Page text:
What Is Alexa? Understanding Amazon’s Digital Assistant
Interacting with a computer simply using your voice used to be the stuff of science fiction. Matter of fact, any Star Trek fan will know that’s the standard way people communicate with computers in that future.
While voice-based human-computer interaction has been worked on for decades, it’s only become an increasing norm in recent years–beginning with Alexa, Amazon’s voice assistant.
What Is Alexa?
Alexa is the name given to Amazon’s personal digital assistant. This “assistant” is the software that allows you to speak to a number of devices–mostly Amazon smart speakers–and ask it what you want it to know or tell it what you want to do–no mouse or keyboard required.
Alexa wasn’t the first modern voice assistant. That distinction goes to Siri, which was introduced by Apple on its iPhones in 2011. Alexa wasn’t unveiled until 2014 by Amazon. The personal digital assistant first appeared as the software on the then-newly launched Amazon Echo speaker.
At the time, many thought it odd that Amazon launched not only its own line of speakers but its own personal digital assistant. After all, back in 2014 Amazon was still mainly known as the online shopping company and maker of the Kindle e-reader.
The thing is: Alexa quickly caught on. Matter of fact, it could be argued that back in 2014 at its launch, Alexa was even better than Apple’s Siri. That’s debatable. However, at the time, Apple’s Siri didn’t offer third-party plug-in (app) support. Alexa did. And Alexa did this via “skills” which are simply voice-based “apps” you could add to your Alexa assistant giving it new, well, skills.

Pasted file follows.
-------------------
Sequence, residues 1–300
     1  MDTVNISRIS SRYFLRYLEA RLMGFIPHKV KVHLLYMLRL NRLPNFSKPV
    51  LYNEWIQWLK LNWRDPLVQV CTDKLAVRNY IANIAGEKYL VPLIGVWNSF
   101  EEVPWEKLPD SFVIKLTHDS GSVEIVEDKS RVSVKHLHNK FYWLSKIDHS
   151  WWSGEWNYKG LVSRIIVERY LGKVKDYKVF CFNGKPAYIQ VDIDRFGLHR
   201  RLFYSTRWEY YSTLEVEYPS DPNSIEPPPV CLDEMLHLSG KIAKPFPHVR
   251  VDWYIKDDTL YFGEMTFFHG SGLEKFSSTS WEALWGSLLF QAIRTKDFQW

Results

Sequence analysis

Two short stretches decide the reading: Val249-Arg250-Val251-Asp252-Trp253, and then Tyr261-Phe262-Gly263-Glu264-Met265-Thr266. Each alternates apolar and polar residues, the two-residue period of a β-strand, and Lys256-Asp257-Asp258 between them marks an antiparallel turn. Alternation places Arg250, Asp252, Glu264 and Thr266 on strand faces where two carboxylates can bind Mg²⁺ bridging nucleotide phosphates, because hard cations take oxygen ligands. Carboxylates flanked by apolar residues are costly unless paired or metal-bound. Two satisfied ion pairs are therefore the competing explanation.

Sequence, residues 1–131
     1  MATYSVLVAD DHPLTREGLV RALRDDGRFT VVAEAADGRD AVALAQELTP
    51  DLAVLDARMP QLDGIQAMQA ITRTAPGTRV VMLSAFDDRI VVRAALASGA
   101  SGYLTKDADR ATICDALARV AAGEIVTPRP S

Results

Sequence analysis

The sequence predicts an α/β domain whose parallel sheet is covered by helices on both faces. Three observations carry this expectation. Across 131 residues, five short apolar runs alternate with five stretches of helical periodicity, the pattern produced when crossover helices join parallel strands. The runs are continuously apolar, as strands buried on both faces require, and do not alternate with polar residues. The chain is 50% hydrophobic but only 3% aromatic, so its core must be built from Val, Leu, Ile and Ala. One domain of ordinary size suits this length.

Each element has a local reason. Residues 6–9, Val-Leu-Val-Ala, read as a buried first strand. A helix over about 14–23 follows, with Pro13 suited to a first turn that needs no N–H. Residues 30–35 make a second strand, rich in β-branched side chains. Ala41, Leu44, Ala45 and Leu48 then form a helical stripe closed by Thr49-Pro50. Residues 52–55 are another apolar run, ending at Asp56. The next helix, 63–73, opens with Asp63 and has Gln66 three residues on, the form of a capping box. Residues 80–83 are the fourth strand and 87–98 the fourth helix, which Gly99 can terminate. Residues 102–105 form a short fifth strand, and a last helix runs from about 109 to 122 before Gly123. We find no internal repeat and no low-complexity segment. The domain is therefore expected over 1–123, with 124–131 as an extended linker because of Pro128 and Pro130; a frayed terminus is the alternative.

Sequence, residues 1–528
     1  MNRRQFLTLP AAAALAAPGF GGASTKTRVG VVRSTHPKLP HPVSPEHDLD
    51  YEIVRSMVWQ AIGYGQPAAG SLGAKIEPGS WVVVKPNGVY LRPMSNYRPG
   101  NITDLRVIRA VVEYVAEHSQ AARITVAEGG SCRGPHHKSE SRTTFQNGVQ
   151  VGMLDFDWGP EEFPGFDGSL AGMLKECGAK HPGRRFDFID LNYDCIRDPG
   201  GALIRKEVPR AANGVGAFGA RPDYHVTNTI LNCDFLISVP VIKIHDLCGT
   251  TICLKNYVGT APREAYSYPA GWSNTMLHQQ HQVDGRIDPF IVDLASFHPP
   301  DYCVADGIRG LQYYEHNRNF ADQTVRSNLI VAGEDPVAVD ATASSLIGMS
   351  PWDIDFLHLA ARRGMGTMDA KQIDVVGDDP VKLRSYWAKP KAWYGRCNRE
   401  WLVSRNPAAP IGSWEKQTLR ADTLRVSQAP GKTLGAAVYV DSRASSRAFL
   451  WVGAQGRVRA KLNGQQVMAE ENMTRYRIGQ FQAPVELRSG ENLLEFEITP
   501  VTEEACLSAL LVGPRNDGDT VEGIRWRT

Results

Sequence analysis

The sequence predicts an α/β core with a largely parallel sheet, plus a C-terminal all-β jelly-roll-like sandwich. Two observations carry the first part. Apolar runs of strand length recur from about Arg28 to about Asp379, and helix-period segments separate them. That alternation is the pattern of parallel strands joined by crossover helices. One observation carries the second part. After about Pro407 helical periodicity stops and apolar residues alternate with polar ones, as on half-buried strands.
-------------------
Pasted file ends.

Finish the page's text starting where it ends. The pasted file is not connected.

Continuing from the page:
Needless to say, almost seven years after Alexa’s introduction, it’s still one of the “big three” voice assistants.
Which Voice Assistants Compete With Alexa?
Alexa has a lot of competition from the biggest players in tech. Amazon’s Alexa has to compete with:
- Apple’s Siri, found on Macs, iPhones, iPads, and HomePods
- Google’s Assistant, found on iPhones (via an app), Android phones, and smart speakers
- Microsoft’s Cortana, found on Windows computers, iPhones (via an app), Android phones, and Xbox consoles
The thing with these competitors is most of them, if not all, match Alexa’s skills as of 2021. That is, most are terrific at answering questions, providing weather forecasts and news blurbs, and telling you about your day.
That being said, how good any of these voice assistants are at telling you about your day (ie: what’s on your schedule) depends on which ecosystem of devices and software you use. For example, if you use a lot of Apple products, you’ll probably find Siri much more useful than Alexa, even though you can use it on your Apple devices too.
The only major advantage Alexa has over Apple’s and Google’s voice assistants is the sheer number of devices it is found on.
Which Devices Offer Alexa?
While Apple’s Siri is found on most Apple products and Google’s Assistant is found on most Android phones and iPhones (via an app), as well as many smart speakers, Amazon’s Alexa’s proliferation is off the charts, comparatively.
Amazon’s Alexa is not only found on most Amazon hardware the company makes, but a swatch of other third-party devices including smartphones, smart speakers, cars, and computers. Here’s a list of them (though it is by no means a complete list):
Amazon smart speakers:
- Amazon Echo
- Amazon Echo Plus
- Amazon Echo Dot
- Amazon Echo Look
- Amazon Echo Show
- Amazon Echo Spot
- Amazon Tap
Third-party smart speakers:
- Sonos One
- Brilliant Control touchscreen home hub
- Bose Home Speaker 500
- Bose Soundbar 700
- Huawei AI Cube
- Lenovo Smart Assistant
- Harman Kardon Astra
- Kitsound Voice One
- LG SmartThinQ Hub
- Jam Voice portable speaker
- Polk Audio Command Bar soundbar
- Many Sony TVs
- Many Samsung TVs
Digital media players:
- Amazon Fire TV Stick
- Amazon Fire TV Cube
- Android phones (via apps)
- iPhones (via apps)
- Select models of BMW
- Select models of Ford
- Select models of Lexus
- Select models of Toyota
- Select models of Volkswagen